Five years ago, we got our asses beat. Except it was worse for me, ‘cause I lost twice.1 First Hulk lost, then Banner lost, then we all lost. [. . .] For years, I’ve been treating the Hulk like he’s some kind of disease, something to get rid of. But then I started looking at him as the cure. Eighteen months in the gamma lab; I put the brains and the brawn together. . . and now, look at me. Best of both worlds. (Endgame)

There is no longer a division between the two: but it’s never shown how Banner was able to achieve this. How Banner was able to master this arguably life-changing procedure isn’t part of the larger narrative: other than his brief explanation above, we are introduced to Professor Hulk via a smash cut to a diner in Endgame, as Banner jovially enjoys brunch with Rogers, Romanoff, and Scott Lang/Ant-Man before being accosted by adoring fans. Banner/Hulk simply isn’t given the same screen time, or character development, as his teammates.

But, whereas “our generation’s Hamlet” jovially adds gravitas to the Hulk’s story, it also implies that “our generation” is missing a Hamlet prototype, when several of Ruffalo’s MCU co-stars (Benedict Cumberbatch, Tom Hiddleston, Oscar Isaac, I should hope we will be spared Chris Pratt’s. . .) have played Hamlet to sold out audiences in London and Broadway. It also implies that the Hulk is not of past generations, given that the character has been in print since 1962, and that the 1978 Incredible Hulk television series starring Bill Bixby and Lou Ferrigno is one of the most successful and well-known pre-MCU Marvel adaptations in cultural history. Does the Hulk need to be Hamlet? He can simply just be the Hulk.

So, is a role in a MCU film now a rite of passage for an actor? The line of succession in the MCU has already begun, with Florence Pugh’s Yelena Bulova replacing Natasha Romanoff as Black Widow and Anthony Mackie’s Sam Wilson replacing Steve Rogers as Captain America. But as in the comics, these replacements are more so a continuation of a story, rather than the likes of Pugh and Mackie being expected to put their own stamp on these superheroes’ alter-egos as well as the superhero persona itself. Hamlet, and other Shakespearean roles, have no such continuation. But Ruffalo’s replacement of Norton differs from that of Pugh and Mackie in that he replaced both Banner and Hulk.2 If I invoke a clumsy Shakespearean metaphor, it’s that Scott Shepherd in the Wooster Group’s Hamlet comes to mind for me now, as he leaps across the stage to try to mimic Richard Burton’s performance in the role. But after more than a decade of MCU films, there’s no attempt at mimicry on Ruffalo’s part: it is he, instead of Norton, who is primarily associated with the role. Perhaps there’s more to Ruffalo’s comment than I thought, but then maybe he might pick up this article one day and think that I am simply nitpicking. And perhaps I am.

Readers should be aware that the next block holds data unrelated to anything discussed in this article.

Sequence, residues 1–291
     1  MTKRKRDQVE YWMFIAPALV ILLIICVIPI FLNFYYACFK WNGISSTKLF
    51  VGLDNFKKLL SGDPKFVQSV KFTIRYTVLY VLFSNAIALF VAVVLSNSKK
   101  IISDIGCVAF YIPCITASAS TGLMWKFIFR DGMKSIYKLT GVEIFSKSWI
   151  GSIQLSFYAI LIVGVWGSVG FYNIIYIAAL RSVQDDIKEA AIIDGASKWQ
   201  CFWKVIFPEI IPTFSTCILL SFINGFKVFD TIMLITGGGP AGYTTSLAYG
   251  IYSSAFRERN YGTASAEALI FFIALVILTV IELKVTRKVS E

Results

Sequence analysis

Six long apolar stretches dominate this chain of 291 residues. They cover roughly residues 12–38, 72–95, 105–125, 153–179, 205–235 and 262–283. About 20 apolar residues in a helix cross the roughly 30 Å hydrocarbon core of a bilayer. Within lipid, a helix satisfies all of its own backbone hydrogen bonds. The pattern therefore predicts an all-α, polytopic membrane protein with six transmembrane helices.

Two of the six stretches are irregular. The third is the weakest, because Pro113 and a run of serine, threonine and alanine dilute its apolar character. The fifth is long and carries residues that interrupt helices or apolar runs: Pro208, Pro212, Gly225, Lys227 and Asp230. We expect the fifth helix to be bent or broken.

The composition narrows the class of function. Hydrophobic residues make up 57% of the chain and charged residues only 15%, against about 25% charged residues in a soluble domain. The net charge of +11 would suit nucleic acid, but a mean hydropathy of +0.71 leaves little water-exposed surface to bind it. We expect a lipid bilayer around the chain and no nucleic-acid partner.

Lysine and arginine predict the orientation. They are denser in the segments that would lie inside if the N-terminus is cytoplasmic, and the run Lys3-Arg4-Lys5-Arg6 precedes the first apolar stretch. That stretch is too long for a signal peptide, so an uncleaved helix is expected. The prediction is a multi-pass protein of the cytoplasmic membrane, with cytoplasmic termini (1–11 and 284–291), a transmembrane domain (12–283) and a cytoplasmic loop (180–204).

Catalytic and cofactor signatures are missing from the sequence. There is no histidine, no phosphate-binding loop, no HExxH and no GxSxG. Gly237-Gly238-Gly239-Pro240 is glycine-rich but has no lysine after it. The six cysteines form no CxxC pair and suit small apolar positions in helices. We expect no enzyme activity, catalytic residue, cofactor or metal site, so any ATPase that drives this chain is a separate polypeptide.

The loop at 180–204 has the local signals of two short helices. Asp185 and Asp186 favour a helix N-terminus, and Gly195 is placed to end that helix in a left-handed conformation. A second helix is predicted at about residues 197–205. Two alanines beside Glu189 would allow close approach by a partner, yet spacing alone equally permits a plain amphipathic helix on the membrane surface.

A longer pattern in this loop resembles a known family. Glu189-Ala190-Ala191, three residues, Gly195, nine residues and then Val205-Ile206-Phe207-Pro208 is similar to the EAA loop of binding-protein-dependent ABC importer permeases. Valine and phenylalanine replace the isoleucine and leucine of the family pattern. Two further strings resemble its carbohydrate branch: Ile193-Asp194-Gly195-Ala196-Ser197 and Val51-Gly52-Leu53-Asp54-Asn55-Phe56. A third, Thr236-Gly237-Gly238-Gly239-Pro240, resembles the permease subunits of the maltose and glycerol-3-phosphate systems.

Anyway, I personally think they should cast Timothée Chalamet as Nightcrawler.


Bucksbaum, Sydney. 2022. “Mark Ruffalo Loves How She-Hulk Finally Addressed That Edward Norton Used to Be the Hulk.” Entertainment Weekly, August 25, 2022, [Accessed September 13, 2022].

Coiro, Kat, dir. She-Hulk: Attorney at Law. Season 1, episode 2, “Superhuman Law.” Streamed August 25, 2022, Disney+. Marvel Studios.

Howard, Tony. 2007. Women as Hamlet: Performance and Interpretation in Theatre, Film and Fiction. Cambridge: Cambridge University Press.

Russo, Anthony, and Joe Russo. 2019. Avengers: Endgame. Marvel Studios.

Russo, Anthony, and Joe Russo. Avengers: Infinity War. 2018. Marvel Studios.

Whedon, Joss, dir. 2012. The Avengers. Marvel Studios.

Whedon, Joss, dir. 2015. Avengers: Age of Ultron. Marvel Studios.


1. I dunno mate, at least your family didn’t dematerialise in an instant while your back was turned like Hawkeye’s did. Or you didn’t get stuck in space with limited oxygen and a mildly homicidal Nebula. Or get stuck in the Quantum Realm while your girlfriend and her parents turn to dust . . . oh, you get the idea. Also isn’t that three losses, rather than two?

2 In addition, so too did Don Cheadle quietly replace Terrence Howard as James “Rhodey” Rhodes/War Machine.